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As handover looms, Hong Kong police ponder future

Hong Kong police June 18, 1997
Web posted at: 1:09 p.m. EDT (1709 GMT)

HONG KONG (CNN) -- The Royal Hong Kong Police is monitoring more than just criminal activity these days. With the historic handover of Hong Kong to China just weeks away, the police force is keeping a close eye on how, or if, its role will change, amid public fears that the force could become an instrument of repression.

Police officials insist the people of Hong Kong have nothing to fear, that their freedoms are not at risk.

"Our instructors tell us the responsibility of the police is to help the public and uphold the law. I am sure our duties will remain the same," said cadet Chow Chee-Kang, who is a member of the last class of cadets to attend the Royal Hong Kong Police training academy.

One of the reasons for the public concern is that the chief executive of post-colonial Hong Kong, Tung Chee-hwa, has introduced laws giving the police significant new powers, including the right to ban demonstrations and restrict freedom of association on the grounds of national security.

graduating cadets of the Royal Hong Kong Police

British police officers will still be allowed to serve after the July 1 handover.

Chief Superintendent Harry Blud of the Royal Hong Kong Police assures that the force's mentality will not change. He said many people are wondering what will happen if a demonstration being policed on the night of the handover lasts until the early hours of July 1.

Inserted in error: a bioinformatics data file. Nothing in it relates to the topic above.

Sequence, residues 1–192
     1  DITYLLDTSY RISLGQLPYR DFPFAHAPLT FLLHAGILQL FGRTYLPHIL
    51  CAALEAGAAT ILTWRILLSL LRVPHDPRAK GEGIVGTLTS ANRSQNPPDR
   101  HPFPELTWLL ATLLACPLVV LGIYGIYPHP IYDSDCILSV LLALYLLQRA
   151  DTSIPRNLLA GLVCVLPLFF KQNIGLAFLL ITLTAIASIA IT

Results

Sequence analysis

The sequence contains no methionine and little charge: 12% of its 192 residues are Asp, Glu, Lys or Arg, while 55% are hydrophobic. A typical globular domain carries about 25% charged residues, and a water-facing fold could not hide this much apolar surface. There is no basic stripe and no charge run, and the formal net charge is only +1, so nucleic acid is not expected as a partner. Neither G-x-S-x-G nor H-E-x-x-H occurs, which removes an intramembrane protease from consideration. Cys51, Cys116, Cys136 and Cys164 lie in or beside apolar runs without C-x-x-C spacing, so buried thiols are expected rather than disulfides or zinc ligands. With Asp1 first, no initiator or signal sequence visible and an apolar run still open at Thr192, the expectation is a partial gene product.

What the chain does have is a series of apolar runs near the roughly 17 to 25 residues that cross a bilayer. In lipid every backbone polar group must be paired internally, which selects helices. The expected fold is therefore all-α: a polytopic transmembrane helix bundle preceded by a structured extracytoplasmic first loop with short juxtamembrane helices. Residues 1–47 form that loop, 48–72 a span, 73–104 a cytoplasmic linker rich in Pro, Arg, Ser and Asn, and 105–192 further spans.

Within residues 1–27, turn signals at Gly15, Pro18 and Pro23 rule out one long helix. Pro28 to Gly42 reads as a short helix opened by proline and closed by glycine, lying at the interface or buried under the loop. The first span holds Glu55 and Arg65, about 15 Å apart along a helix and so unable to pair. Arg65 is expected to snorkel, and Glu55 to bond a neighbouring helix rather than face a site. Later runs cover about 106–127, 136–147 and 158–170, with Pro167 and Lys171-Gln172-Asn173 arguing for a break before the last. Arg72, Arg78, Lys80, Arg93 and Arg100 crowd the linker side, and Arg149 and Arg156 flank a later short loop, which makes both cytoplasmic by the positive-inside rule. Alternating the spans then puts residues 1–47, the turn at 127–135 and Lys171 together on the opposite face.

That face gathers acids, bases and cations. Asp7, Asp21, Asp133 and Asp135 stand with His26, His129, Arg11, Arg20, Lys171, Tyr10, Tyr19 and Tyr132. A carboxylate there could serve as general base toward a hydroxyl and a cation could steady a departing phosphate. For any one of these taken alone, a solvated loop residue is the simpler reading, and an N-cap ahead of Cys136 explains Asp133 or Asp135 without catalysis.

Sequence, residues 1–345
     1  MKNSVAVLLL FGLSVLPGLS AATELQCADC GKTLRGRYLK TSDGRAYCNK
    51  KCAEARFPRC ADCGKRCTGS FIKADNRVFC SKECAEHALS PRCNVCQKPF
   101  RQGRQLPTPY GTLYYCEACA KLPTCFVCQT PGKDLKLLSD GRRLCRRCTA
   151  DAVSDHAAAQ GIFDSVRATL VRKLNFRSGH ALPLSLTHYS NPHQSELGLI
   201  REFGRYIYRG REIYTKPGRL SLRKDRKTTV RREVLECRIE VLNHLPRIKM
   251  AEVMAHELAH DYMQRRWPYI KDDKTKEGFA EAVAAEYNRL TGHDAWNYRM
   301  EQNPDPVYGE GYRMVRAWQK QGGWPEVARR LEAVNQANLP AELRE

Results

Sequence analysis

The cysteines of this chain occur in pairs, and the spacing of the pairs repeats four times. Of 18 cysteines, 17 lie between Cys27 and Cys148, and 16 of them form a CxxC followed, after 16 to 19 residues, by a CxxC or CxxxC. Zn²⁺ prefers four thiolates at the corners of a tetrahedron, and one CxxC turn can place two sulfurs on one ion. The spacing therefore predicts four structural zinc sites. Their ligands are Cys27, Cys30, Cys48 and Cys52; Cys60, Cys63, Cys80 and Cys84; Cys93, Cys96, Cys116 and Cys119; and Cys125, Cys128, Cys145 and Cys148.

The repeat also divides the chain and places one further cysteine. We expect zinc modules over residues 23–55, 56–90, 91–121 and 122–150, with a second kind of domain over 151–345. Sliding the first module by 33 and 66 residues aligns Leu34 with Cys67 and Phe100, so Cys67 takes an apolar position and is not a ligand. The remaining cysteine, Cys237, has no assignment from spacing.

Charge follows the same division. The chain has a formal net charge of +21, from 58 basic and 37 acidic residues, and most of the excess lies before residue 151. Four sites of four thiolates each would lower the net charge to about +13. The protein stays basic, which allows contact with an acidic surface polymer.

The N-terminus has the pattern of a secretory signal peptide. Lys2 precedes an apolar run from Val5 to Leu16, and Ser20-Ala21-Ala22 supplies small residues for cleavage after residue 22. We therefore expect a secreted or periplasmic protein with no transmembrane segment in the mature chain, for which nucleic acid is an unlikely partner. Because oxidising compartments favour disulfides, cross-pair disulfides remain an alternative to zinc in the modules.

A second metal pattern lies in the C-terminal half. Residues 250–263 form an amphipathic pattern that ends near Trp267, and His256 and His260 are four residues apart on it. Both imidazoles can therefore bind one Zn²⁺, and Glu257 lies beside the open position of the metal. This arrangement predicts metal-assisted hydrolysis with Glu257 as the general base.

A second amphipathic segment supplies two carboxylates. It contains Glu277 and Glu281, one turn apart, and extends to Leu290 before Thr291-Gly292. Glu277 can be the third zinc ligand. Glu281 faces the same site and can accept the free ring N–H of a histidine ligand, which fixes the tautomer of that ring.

"If that demonstration carries on into the wee hours of the first of July, is our approach to policing going to change?" he asked. "The answer is no."

Of far greater concern, he said, is the possibility of a rise in post-handover corruption, a problem rampant in China, especially among police.

"One of the major concerns that has been raised to me is the potential for corruption -- not just in the police but in Hong Kong generally -- will increase," he said. "We are acutely aware of that potential."

Police officials insist that after the handover, their force will use its considerable firepower to tackle criminals, not dissidents, while maintaining Hong Kong's liberal social values. The people of this territory can only hope they are right.

Hong Kong Bureau Chief Mike Chinoy contributed to this report.

 
Hong Kong Special Section
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